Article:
At 14, Mae Whitman Was Besties With Her Future Arrested Development Co-Star

The Up Here star opens up about being a child actor — and the first time she went “hog-wild” at Limited Too.

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Mae Whitman knows the staying power of adolescent cringe. “My entire life has been awkward until, like, last year,” she tells Bustle. One incident in particular was her first kiss at the roller rink. “He tried to stick his tongue down my throat,” the 34-year-old actor says. “I had not been made aware that this was an option, and I — knee-jerk reaction — pulled away and slapped him across the face.”

Once he informed her that was a thing people did, though, Whitman was OK. “I was like, ‘Let’s try again,’” she recalls. “And of course, from that point on, I loved the tongue-down-the-throat-situation.”

It wasn’t all awkward, though. At 14, Whitman was starring alongside Alia Shawkwat on the FOX Family dramedy State of Grace, a few years before the pair reunited on Arrested Development, where Whitman would play Ann Veal (yes, her). She was already a child actor with an established resume, too, ranging from a memorable guest spot on Friends to a critically acclaimed role in the George Clooney and Michelle Pfeiffer romance, One Fine Day.

“I’m such a raging air sign,” Whitman says. “I’m such a Gemini. It’s like, I can do anything a little bit. And if I didn’t have this path laid out in front of me that luckily happened to be the thing I think I was born to do, and feels like the only thing I truly want to do, and is the most natural for me, I feel like I would be floating around aimlessly.”

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That path has now led to Hulu’s new musical rom-com, Up Here, where Whitman plays Lindsay: a woman whose parents and middle-school friend serve as the musical voices in her head. They’re psychological stand-ins for adolescent shame and insecurity she never quite shook off — even as she tries to lower the volume and pursue love and a creative career in 1999 New York.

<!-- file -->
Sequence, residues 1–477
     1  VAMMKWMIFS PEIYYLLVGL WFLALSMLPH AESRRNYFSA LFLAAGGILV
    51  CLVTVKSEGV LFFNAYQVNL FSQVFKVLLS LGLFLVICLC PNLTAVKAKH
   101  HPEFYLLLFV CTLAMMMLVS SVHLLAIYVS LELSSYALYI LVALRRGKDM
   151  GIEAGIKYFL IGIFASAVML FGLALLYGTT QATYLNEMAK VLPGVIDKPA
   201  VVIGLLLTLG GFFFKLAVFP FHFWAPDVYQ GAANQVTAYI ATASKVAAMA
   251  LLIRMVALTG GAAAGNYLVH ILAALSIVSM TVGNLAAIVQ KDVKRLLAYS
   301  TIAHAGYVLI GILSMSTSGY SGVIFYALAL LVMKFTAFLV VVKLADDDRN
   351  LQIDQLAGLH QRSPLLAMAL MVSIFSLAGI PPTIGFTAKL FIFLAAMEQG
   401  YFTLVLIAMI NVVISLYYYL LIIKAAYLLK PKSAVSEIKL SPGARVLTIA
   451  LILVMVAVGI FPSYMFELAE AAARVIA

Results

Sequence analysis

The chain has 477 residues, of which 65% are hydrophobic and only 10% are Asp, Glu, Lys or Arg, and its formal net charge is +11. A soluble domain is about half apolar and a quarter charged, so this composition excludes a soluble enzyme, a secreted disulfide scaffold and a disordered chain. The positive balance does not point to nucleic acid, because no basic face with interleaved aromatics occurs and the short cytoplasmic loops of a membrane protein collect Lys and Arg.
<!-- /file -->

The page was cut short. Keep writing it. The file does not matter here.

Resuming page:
Below, Whitman talks about Limited Too, hanging around the Arrested Development set, and the teen drama she was obsessed with.

Take me back to 2002. How were you feeling about your life then?

It’s weird being a child actor. You’re doing this adult job, but then you have to go to school and be like, ha, ha, ha, yeah, school. The kids in my school were pretty chill up to eighth grade. [But] something happened in high school. It might have to do with me being forced to be on the cheerleading team. I’d always skated by being nerdy and talking to all the groups. And then high school happened, and I was really popular. All these guys who had never looked my way were like, “Oh, I’ve got such a crush on you.” I was this unwilling prop. It was a very weird time for me to be pushed and pulled in these strange directions. You’re starting to feel confident in yourself as an adult sexual being, but you’re also confused about what’s going on, and your hormones are raging. It’s a tricky time. And lord, the clothing, am I right?

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Yes! What was your go-to style?

I remember the first time I got to go hog-wild at Limited Too. I was just like, This is timeless. It was, like, glitter shirts that said “Gemini.” My parents, thank God, saved all this sh*t. I opened a box of my clothes from middle school. And it all still fits. It is so in now. It’s so chic. I wore one yesterday that says “Hollywood cowgirl.”

On Up Here, Lindsay deals with musical voices in her head. Who were the voices in your head at 14?